Title

A Pilot Trial of Topical Capsaicin Cream for Treatment of Cannabinoid Hyperemesis Syndrome.

Document Type

Article

Publication Date

6-22-2020

Publication Title

Academic emergency medicine

Abstract

BACKGROUND: Patients with cannabinoid hyperemesis syndrome (CHS) present frequently to the emergency department. Previous case studies suggest dramatic symptomatic improvement with topical capsaicin treatment. This exploratory study examined the potential effectiveness of topical capsaicin in patients with nausea and vomiting due to a suspected CHS exacerbation.

METHODS: This was a double-blind, randomized placebo-controlled pilot trial. Adults who presented with vomiting suspected to be from CHS were eligible for enrollment. We excluded pregnant women and those with resolution of symptoms. Following randomization, topical 0.1% capsaicin or placebo cream was applied to the anterior abdomen in a uniform manner. The primary outcome was the severity of nausea on a visual analog scale (VAS) of 0-10 cm assessed at 30 minutes. Secondary outcomes were adverse events, occurrence of post-treatment vomiting, nausea by VAS at 60 minutes, and hospital admission.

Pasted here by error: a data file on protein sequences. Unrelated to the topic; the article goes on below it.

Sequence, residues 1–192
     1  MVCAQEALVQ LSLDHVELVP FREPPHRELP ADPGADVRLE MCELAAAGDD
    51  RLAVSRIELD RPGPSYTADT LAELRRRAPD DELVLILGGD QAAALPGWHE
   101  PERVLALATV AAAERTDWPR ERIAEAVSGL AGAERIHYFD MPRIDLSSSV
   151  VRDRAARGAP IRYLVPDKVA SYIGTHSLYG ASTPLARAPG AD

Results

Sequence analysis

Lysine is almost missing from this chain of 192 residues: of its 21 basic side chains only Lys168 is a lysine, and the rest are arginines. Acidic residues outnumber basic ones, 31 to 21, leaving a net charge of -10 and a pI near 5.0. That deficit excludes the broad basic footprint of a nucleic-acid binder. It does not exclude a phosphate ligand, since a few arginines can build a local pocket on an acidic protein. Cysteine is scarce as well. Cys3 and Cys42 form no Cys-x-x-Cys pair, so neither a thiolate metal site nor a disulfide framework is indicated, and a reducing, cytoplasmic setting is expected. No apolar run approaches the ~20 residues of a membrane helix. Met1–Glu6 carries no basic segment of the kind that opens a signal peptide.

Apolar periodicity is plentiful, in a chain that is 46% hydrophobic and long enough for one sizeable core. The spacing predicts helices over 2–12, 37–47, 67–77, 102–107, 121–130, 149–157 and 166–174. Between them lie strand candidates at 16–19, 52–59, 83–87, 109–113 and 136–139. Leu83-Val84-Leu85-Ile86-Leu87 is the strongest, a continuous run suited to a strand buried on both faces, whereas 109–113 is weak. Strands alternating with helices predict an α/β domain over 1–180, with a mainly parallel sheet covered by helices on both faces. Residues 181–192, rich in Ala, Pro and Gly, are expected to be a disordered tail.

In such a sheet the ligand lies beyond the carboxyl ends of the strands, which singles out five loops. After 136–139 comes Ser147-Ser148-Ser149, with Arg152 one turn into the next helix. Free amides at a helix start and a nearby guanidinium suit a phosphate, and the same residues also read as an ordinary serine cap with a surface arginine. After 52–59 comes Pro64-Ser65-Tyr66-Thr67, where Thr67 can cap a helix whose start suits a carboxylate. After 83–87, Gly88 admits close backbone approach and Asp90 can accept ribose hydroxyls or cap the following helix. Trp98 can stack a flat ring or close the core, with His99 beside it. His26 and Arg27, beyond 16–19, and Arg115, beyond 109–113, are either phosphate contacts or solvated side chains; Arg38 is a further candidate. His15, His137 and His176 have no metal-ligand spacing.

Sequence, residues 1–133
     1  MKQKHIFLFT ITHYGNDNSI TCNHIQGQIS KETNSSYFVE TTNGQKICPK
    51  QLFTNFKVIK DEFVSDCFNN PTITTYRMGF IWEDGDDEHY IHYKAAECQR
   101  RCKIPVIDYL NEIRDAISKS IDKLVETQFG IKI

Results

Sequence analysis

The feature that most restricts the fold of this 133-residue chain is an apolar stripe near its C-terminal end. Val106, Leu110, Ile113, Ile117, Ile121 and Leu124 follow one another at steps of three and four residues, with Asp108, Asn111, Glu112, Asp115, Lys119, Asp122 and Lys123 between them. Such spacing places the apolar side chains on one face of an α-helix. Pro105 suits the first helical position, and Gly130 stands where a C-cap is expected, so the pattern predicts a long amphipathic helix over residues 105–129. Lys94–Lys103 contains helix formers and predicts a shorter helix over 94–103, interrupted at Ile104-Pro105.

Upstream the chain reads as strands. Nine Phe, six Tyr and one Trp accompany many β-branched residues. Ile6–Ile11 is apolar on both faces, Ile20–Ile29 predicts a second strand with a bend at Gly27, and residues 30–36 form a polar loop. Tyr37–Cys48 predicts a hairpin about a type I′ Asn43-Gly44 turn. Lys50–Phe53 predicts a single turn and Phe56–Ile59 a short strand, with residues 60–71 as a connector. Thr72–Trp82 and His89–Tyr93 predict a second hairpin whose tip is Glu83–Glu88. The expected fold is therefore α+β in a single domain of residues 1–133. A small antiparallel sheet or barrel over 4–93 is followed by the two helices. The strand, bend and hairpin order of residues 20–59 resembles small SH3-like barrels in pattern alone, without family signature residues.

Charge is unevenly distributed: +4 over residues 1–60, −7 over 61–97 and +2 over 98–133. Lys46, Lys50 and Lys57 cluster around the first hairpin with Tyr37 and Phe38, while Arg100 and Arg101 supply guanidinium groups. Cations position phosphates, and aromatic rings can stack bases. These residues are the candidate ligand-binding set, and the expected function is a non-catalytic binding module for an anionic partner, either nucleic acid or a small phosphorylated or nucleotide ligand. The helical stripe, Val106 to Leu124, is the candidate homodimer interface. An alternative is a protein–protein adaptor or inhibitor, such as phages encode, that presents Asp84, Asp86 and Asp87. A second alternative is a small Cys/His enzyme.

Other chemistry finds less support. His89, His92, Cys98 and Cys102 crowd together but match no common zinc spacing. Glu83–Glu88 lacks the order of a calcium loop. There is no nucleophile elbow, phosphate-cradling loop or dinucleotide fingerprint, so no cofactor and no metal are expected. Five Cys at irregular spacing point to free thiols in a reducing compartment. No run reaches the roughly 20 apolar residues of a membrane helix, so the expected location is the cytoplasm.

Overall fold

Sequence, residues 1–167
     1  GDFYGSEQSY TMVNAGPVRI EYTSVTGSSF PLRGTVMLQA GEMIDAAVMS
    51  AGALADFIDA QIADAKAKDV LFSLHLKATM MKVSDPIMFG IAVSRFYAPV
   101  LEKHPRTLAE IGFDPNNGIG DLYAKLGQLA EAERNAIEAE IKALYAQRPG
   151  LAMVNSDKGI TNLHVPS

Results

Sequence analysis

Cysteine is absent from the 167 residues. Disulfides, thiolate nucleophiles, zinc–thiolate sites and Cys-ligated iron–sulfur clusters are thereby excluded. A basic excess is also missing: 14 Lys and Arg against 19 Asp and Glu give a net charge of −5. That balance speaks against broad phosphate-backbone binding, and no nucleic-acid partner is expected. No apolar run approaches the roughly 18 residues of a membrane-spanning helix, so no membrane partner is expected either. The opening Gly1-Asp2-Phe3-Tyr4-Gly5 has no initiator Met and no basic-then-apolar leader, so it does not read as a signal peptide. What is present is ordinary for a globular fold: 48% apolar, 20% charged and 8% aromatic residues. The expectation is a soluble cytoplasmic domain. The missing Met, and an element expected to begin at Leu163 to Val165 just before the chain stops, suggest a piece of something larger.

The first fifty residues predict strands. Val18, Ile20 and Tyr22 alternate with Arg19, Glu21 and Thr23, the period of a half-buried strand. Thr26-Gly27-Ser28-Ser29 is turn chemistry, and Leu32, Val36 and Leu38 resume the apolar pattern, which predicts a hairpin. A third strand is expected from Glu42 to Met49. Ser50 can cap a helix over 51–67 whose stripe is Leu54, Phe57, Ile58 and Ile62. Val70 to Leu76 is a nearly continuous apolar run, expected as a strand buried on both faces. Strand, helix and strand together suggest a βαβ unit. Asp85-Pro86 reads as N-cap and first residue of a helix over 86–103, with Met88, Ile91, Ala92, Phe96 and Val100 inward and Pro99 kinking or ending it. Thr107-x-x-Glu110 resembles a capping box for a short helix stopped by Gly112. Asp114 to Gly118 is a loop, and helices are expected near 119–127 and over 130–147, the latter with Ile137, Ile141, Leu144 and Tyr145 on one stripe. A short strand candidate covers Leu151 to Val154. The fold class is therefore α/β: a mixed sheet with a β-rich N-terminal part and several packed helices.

RESULTS: This pilot trial enrolled 30 patients; 17 in the capsaicin arm and 13 in the placebo arm. One patient in the capsaicin arm did not tolerate treatment due to skin irritation. Mean nausea severity at 30 minutes was 4.1 ±2.3 cm in the capsaicin arm and 6.1 ±3.3 cm in the placebo arm (difference -2.0 cm, 95% CI, 0.2 to -4.2 cm). At 60 minutes, mean nausea severity was 3.2 ±3.2 cm versus 6.4 ±2.8 cm (difference -3.2 cm, 95% CI, -0.9 to -5.4 cm). The percent reduction in nausea at 60 minutes from baseline was 46.0% in the capsaicin arm and 24.9% in the placebo arm (difference 21.1%, 95% CI, -5.6% to 47.9%). A higher proportion of capsaicin group patients (29.4% vs. 0%) had complete resolution of nausea (RR 3.4, 95% CI, 1.6 to 7.1).

CONCLUSION: In this pilot trial, the application of topical capsaicin cream was associated with a significant reduction in nausea at 60 minutes but not at 30 minutes and provided more complete relief of nausea.

PubMed ID

32569429

ePublication

ePub ahead of print

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